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The Earliest Americans | News and Comment

Three Ancient Skeletons Are Slated for Repatriation

Originally posted 06/03/1999

by Cleone Hawkinson

In the coming weeks, three ancient skeletons, whose cultural affiliation is not established with any living people, will be given to a coalition of Minnesota Sioux tribes, along with a collection of historically and culturally affiliated human remains. These three skeletons, known as the Minnesota Woman (or Pelican Rapids Woman, 7840 BP), Browns Valley Man (8,900 BP), and Saulk Valley Man (about 4,000 BP) are under the care of Hamline University, Saint Paul, Minnesota. They have been included in a repatriation agreement with Minnesota's Indian Claims Commission and will be repatriated under NAGPRA, a federal law.

Representatives from Hamline University are anxious for this activity to remain quiet, and they hope to avoid public scrutiny. They do not want to jeopardize relationships with local tribes and evidently are willing to ignore or possibly bend laws protecting these ancient national treasures in the name of political correctness. NAGPRA only applies to culturally affiliated human remains held in federal collections. To date NAGPRA does not apply under state laws or private ownership.

The Sioux tribes who are slated to receive these remains are probably no more closely related to these ancient skeletons than anyone else living today. The Sioux's origins have been traced to Late Woodland mound groups to the south, so they have been in the present area less than 1,000 years. Their oral traditions tell them they have been here since the beginning of time, although their description of 'here' is vague. These ancient human remains, many thousands of years old, are included with remains that are a few hundred years old. All will be reburied.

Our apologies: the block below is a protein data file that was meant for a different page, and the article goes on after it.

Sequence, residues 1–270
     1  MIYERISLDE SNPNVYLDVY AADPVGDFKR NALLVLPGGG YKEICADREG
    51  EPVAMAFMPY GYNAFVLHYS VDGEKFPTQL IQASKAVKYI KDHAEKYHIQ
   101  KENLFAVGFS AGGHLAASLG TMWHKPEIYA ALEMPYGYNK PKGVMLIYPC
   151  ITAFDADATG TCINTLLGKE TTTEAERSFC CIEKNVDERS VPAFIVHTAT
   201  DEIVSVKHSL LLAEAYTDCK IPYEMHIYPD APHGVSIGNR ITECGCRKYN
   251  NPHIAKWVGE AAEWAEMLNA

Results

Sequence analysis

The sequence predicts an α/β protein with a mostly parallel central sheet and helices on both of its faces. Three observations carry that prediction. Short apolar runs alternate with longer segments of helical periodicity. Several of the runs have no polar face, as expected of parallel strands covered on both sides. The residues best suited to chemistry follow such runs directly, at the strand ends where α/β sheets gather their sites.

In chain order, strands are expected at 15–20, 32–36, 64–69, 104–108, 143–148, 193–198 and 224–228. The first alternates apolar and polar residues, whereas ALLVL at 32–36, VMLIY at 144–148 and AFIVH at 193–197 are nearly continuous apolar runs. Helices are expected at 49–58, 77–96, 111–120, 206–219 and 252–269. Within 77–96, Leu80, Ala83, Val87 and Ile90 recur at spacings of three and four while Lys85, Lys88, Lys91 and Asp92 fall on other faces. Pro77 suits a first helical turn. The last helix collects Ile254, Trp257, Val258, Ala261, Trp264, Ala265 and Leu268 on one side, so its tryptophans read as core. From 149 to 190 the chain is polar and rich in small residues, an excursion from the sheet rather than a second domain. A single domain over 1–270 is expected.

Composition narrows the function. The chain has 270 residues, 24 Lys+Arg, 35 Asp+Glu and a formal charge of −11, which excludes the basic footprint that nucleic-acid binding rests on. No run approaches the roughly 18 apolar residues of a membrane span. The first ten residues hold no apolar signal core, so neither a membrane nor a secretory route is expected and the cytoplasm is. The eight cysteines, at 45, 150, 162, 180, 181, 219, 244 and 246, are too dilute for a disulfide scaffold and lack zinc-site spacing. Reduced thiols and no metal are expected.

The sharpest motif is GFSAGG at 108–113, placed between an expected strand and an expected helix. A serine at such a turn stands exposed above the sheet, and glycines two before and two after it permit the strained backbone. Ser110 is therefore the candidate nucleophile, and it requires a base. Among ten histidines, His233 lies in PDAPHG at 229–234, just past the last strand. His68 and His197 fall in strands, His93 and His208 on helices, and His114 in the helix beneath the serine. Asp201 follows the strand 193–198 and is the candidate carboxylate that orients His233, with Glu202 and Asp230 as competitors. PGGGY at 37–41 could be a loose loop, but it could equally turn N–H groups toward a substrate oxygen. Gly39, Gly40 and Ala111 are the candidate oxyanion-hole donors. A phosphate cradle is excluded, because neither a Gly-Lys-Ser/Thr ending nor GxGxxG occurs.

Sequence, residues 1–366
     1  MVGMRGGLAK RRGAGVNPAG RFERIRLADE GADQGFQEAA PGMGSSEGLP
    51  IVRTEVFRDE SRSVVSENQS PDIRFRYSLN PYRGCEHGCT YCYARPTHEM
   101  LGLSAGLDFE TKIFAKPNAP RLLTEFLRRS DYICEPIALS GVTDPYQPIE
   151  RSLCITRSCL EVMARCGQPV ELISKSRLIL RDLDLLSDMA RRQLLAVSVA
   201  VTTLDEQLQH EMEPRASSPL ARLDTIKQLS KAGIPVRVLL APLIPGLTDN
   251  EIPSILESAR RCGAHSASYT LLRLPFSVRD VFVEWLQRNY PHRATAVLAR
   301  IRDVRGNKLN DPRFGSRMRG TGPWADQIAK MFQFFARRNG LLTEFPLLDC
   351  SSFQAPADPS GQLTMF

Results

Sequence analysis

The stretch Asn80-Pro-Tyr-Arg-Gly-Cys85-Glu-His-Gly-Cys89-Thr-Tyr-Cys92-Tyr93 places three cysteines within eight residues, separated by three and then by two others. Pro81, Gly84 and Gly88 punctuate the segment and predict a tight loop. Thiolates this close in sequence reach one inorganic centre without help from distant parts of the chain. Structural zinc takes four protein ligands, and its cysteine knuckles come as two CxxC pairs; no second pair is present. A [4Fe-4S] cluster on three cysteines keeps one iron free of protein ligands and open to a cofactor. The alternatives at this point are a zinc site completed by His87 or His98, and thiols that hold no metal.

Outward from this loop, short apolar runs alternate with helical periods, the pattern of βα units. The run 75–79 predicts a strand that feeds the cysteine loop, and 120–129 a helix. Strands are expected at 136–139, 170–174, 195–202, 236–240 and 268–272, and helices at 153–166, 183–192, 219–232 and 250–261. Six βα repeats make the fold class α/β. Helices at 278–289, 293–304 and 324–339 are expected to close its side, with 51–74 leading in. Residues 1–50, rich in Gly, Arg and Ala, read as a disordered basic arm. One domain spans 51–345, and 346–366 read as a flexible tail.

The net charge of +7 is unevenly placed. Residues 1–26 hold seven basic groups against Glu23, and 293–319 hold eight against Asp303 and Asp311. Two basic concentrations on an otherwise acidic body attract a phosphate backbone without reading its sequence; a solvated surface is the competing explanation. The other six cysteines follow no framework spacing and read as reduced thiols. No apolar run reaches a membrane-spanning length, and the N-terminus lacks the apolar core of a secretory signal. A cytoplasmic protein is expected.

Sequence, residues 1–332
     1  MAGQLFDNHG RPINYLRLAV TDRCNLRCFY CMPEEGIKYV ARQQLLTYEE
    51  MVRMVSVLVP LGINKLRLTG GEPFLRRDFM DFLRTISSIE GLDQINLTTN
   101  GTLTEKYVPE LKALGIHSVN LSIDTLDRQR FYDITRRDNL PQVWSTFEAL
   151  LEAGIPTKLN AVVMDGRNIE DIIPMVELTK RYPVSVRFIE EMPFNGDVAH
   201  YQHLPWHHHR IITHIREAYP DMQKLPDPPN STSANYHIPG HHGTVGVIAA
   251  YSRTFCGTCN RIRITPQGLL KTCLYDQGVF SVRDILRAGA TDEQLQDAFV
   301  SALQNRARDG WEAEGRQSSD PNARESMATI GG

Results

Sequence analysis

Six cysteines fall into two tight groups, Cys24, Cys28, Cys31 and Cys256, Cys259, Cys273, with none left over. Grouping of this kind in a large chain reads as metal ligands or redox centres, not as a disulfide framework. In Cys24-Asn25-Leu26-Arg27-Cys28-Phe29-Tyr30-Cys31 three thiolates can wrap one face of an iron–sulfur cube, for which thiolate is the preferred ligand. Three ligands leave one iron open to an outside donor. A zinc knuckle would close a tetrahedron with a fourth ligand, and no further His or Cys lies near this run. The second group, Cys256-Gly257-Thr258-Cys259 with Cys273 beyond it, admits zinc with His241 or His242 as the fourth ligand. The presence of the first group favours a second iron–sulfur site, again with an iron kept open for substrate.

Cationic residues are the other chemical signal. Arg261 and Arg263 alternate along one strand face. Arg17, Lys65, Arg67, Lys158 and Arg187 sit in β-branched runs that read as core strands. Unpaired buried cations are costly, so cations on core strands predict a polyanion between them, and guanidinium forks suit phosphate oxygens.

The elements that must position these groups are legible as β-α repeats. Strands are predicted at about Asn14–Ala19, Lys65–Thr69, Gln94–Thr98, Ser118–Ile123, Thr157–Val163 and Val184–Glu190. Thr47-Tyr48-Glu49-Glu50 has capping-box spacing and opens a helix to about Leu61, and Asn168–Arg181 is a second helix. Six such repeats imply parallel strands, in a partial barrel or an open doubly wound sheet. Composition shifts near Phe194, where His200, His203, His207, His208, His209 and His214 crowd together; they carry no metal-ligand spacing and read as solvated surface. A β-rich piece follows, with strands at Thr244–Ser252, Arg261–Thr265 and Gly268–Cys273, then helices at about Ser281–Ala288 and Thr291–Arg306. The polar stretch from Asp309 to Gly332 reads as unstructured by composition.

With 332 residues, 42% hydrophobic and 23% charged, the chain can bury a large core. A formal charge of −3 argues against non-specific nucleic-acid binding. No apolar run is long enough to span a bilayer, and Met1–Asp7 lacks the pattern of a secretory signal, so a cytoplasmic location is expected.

A distinction must be made between culturally affiliated human remains (those whose relationship to a living group is clear) and remains that are so old that their cultural relationship to anyone cannot be established. Why should one group's religious beliefs be honored at the expense of all other world views? This evidence of the past belongs to the world. The story of human migration into the continents of North and South America is of interest to people far beyond the political boundaries of a tribe, state, or even our nation. All people have a right to understand and explore many world views of the past.

Across our nation, the ancient past is threatened by the simple, but unfounded assumption that all people living here before white contact are related to modern day American Indians. This assumption also includes the notion that modern day tribes have not moved from their current location in thousands of years. Simple explanations of the past do not adequately address the complexities that are suggested by the evidence at hand.

This censorship (in the form of political correctness) will prevent anyone from asking new questions about the past. One culturally unaffiliated ancient skeleton after another is targeted for reburial and the treasure of knowledge each holds about the past will be lost forever. The fate of the most publicized ancient skeleton, Kennewick Man, has not yet been determined by a federal court. The Buhl Woman (10,700) from Idaho was reburied in 1992. Wizards Beach (9,200) and Spirit Cave (9,400), both from Nevada, are in jeopardy. These and other, less well publicized skeletons, especially those from Minnesota, deserve our attention before they are lost forever.

If you are concerned about one view limiting expression of all views, please voice your concerns to Hamline University (651) 523-2800, the officials of the state of Minnesota, your senate and congressional representatives, and your local newspapers.

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